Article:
Indians-Astros ALDS Game 1 Lineups Released

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A lot of people get upset when their team is scheduled for a weekday afternoon playoff game. It’s hard to see if you work regular hours, the kids can’t watch if they’re at school, etc. etc. I get that. I note that a lot of the same people who complain about that also complain about games that go too late at night, but we’ll leave that go for now. The important thing is, yes, it sort of stinks if you can’t watch your guys in action.

The Indians and Astros kicking off at 2PM Eastern may not be great for those folks, but maybe they should take some comfort in the fact that the teams they are rooting for probably prefer it, at least for Game 1. Take it from Astros manager A.J. Hinch:

Maybe that makes you feel better. Maybe it doesn’t. I just put it out there for your consumption.

Here are the lineups for the game a lot of you will miss. Gaze upon them now before Justin Verlander and Corey Kluber attempt to carve them up:

Indians

1. Francisco Lindor (S) SS
2. Michael Brantley (L) LF
3. Jose Ramirez (S) 2B
4. Edwin Encarnacion (R) DH
5. Josh Donaldson (R) 3B
6. Yonder Alonso (L) 1B
7. Melky Cabrera (S) RF
8. Yan Gomes (R) C
9. Jason Kipnis (L) CF

Astros

1. George Springer (R) CF
2. Jose Altuve (R) 2B
3. Alex Bregman (R) 3B
4. Yuli Gurriel (R) 1B
5. Marwin Gonzalez (S) LF
6. Carlos Correa (R) SS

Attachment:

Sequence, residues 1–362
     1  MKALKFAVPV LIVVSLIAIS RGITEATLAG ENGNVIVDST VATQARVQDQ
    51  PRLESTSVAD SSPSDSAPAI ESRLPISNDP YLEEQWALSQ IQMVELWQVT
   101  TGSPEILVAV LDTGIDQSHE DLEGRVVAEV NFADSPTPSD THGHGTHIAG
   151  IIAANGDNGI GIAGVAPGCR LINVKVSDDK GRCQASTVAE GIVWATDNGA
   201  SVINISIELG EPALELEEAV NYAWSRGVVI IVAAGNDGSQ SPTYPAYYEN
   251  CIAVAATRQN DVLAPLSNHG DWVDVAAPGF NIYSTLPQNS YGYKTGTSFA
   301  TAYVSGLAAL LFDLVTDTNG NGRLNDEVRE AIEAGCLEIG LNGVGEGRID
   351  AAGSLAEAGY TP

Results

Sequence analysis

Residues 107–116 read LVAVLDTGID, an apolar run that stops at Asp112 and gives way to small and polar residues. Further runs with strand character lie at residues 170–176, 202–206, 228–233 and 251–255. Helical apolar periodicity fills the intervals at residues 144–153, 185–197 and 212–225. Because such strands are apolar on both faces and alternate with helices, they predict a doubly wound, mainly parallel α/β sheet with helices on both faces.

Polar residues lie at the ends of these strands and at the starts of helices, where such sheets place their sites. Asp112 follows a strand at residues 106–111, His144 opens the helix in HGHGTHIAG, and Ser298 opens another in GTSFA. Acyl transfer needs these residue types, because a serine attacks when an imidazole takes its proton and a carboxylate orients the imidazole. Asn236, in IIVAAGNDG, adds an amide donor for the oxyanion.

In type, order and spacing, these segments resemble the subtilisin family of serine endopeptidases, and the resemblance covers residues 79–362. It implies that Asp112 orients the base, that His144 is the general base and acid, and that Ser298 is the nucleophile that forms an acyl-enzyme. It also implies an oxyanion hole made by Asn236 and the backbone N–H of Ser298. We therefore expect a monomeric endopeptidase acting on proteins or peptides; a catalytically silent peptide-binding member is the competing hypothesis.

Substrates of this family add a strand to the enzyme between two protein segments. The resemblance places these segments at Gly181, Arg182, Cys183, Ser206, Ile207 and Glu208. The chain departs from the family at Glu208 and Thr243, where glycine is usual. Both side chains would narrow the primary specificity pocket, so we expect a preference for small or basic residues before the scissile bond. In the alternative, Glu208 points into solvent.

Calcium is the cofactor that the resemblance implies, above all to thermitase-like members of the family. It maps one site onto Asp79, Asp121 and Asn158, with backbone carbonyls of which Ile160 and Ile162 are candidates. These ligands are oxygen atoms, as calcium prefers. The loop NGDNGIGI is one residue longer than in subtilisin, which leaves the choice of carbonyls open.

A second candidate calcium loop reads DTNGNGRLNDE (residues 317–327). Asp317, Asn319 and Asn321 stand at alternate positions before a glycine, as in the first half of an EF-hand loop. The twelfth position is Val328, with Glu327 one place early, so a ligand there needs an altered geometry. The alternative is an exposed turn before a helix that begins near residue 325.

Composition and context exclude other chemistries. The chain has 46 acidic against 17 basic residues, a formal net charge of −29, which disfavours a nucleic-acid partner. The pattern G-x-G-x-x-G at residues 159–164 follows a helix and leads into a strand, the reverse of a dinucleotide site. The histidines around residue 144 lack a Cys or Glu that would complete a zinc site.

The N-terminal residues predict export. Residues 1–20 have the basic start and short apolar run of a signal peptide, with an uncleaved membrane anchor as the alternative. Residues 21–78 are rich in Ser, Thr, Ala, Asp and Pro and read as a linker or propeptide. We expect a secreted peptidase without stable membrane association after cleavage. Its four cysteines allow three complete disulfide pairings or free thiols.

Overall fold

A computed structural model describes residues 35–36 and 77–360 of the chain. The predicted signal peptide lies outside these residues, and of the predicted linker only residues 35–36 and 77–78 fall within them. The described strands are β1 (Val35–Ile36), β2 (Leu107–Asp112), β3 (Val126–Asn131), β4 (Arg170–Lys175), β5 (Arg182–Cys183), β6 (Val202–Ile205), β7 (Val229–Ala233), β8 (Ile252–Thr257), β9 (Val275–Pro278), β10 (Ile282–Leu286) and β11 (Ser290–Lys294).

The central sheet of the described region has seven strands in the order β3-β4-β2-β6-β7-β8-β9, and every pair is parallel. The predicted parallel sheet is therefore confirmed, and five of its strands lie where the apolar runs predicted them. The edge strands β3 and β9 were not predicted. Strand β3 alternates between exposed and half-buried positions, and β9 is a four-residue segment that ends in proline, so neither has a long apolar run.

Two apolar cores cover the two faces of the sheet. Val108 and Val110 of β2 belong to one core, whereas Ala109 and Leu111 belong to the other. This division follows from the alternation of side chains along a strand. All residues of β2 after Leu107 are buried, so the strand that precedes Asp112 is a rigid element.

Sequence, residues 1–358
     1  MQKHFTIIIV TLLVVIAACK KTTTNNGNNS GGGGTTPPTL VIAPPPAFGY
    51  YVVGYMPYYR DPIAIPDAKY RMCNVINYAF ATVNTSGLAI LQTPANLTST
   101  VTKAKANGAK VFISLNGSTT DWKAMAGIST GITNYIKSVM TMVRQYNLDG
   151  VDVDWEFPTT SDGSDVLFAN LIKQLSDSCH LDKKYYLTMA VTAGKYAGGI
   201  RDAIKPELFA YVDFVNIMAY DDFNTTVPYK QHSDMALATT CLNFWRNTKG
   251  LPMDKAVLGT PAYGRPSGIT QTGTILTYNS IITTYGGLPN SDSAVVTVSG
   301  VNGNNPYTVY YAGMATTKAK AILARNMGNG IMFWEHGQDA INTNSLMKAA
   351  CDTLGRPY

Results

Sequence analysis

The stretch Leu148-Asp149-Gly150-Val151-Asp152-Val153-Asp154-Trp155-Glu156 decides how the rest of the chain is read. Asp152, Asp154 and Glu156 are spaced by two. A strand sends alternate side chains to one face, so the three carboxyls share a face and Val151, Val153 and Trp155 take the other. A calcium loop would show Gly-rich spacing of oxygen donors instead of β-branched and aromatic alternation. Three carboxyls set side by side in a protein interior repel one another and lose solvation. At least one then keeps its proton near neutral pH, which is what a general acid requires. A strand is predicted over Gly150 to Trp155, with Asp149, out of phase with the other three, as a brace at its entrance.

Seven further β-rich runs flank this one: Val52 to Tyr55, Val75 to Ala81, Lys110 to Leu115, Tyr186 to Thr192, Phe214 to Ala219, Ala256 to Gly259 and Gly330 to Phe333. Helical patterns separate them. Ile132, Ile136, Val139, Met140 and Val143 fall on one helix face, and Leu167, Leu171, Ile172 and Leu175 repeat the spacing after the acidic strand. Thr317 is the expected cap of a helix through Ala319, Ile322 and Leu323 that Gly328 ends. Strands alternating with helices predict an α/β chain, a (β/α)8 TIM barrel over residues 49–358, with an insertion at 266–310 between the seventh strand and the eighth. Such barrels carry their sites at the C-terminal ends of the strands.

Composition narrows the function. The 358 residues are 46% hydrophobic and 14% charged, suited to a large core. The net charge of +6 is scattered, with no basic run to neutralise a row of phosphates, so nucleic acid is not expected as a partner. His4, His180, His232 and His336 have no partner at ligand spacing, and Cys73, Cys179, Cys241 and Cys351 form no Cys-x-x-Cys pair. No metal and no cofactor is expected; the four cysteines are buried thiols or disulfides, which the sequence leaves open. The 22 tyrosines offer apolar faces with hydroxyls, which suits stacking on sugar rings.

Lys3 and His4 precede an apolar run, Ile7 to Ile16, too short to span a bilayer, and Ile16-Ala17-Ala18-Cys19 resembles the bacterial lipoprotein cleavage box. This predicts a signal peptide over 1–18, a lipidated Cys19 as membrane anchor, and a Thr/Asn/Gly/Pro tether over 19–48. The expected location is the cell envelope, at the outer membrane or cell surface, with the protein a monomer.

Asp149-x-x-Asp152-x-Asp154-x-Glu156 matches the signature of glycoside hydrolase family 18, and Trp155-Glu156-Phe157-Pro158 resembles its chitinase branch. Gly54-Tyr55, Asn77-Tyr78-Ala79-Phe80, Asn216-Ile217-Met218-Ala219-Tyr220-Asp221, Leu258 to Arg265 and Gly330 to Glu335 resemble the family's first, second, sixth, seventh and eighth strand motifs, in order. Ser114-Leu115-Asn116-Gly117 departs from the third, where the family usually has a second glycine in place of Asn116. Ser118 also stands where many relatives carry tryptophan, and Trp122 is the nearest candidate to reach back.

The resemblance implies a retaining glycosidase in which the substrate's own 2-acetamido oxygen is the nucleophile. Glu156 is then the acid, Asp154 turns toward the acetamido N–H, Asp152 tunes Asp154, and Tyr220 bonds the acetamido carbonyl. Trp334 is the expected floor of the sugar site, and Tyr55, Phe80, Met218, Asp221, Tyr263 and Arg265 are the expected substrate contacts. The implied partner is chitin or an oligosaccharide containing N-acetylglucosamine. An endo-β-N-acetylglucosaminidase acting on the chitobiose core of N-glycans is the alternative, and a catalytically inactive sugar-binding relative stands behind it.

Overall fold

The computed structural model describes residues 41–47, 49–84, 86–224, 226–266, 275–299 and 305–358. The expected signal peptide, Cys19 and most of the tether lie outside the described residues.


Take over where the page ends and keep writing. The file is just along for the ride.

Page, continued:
7. Tyler White (R) DH
8. Josh Reddick (L) RF
9. Martin Maldonado (R) C

Phillies select active duty Navy aviator in MLB Rule 5 draft

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SAN DIEGO — The Philadelphia Phillies took U.S. Navy aviator Noah Song in the Rule 5 draft Wednesday, hoping the former top pitching prospect can still be effective once he completes his military service.

There is no definitive date on when the 25-year-old Song might be able to join the Phillies.

Song was picked from the Boston Red Sox system in the draft for unprotected minor league players. Philadelphia put him on the military list while he continues his active duty and he won’t count on the 40-man roster, the pool from which major league teams can select players for the 26-man active roster.

Song impressed in his only pro season, making seven starts for Boston’s Class A Lowell affiliate in 2019, with a 1.06 ERA and 19 strikeouts in 17 innings. With a fastball clocked in the upper 90s mph, the right-hander dominated that year as a senior at the U.S. Naval Academy, going 11-1 with a 1.44 ERA and 161 strikeouts in 94 innings.

The Red Sox drafted Song in the fourth round – he likely would’ve gone much higher, but his impending military service caused teams to back off.

In November 2019, Defense Secretary Mark Esper signed a memo clearing the way for athletes at the nation’s military academies to delay their service commitments and play pro sports after graduation. Song’s request to have those new rules retroactively applied to his case was denied.

Song began school as a flight officer in the summer of 2020 and finished that phase last April. He started additional aviation training in May.

Song was among the 15 players, including three Boston pitchers, taken in the big league phase of the Rule 5 draft, which wasn’t held last year because of the MLB lockout.

Washington took righty Thad Ward from Boston’s Triple-A roster with the first pick. Baltimore took Red Sox minor league pitcher Andrew Politi with the ninth choice and the Phillies chose Song with the 11th selection.

Teams pay $100,000 to take players in the major league portion of the Rule 5 draft. The players must stay on the big league roster next season or go on waivers and, if unclaimed, be offered back to their original organization for $50,000.